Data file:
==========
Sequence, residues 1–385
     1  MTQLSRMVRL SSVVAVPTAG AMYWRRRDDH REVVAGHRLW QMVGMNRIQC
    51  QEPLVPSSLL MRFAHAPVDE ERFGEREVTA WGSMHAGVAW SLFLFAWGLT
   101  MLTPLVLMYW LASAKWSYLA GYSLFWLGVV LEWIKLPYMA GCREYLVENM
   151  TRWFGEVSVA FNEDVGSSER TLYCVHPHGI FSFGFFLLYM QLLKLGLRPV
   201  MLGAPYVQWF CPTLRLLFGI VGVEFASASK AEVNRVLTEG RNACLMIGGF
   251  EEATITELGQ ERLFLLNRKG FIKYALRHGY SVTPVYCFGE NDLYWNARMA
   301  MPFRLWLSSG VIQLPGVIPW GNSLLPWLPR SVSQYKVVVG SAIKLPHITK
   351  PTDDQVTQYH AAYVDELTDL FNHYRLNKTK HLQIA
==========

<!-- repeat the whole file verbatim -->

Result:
Sequence, residues 1–385
     1  MTQLSRMVRL SSVVAVPTAG AMYWRRRDDH REVVAGHRLW QMVGMNRIQC
    51  QEPLVPSSLL MRFAHAPVDE ERFGEREVTA WGSMHAGVAW SLFLFAWGLT
   101  MLTPLVLMYW LASAKWSYLA GYSLFWLGVV LEWIKLPYMA GCREYLVENM
   151  TRWFGEVSVA FNEDVGSSER TLYCVHPHGI FSFGFFLLYM QLLKLGLRPV
   201  MLGAPYVQWF CPTLRLLFGI VGVEFASASK AEVNRVLTEG RNACLMIGGF
   251  EEATITELGQ ERLFLLNRKG FIKYALRHGY SVTPVYCFGE NDLYWNARMA
   301  MPFRLWLSSG VIQLPGVIPW GNSLLPWLPR SVSQYKVVVG SAIKLPHITK
   351  PTDDQVTQYH AAYVDELTDL FNHYRLNKTK HLQIA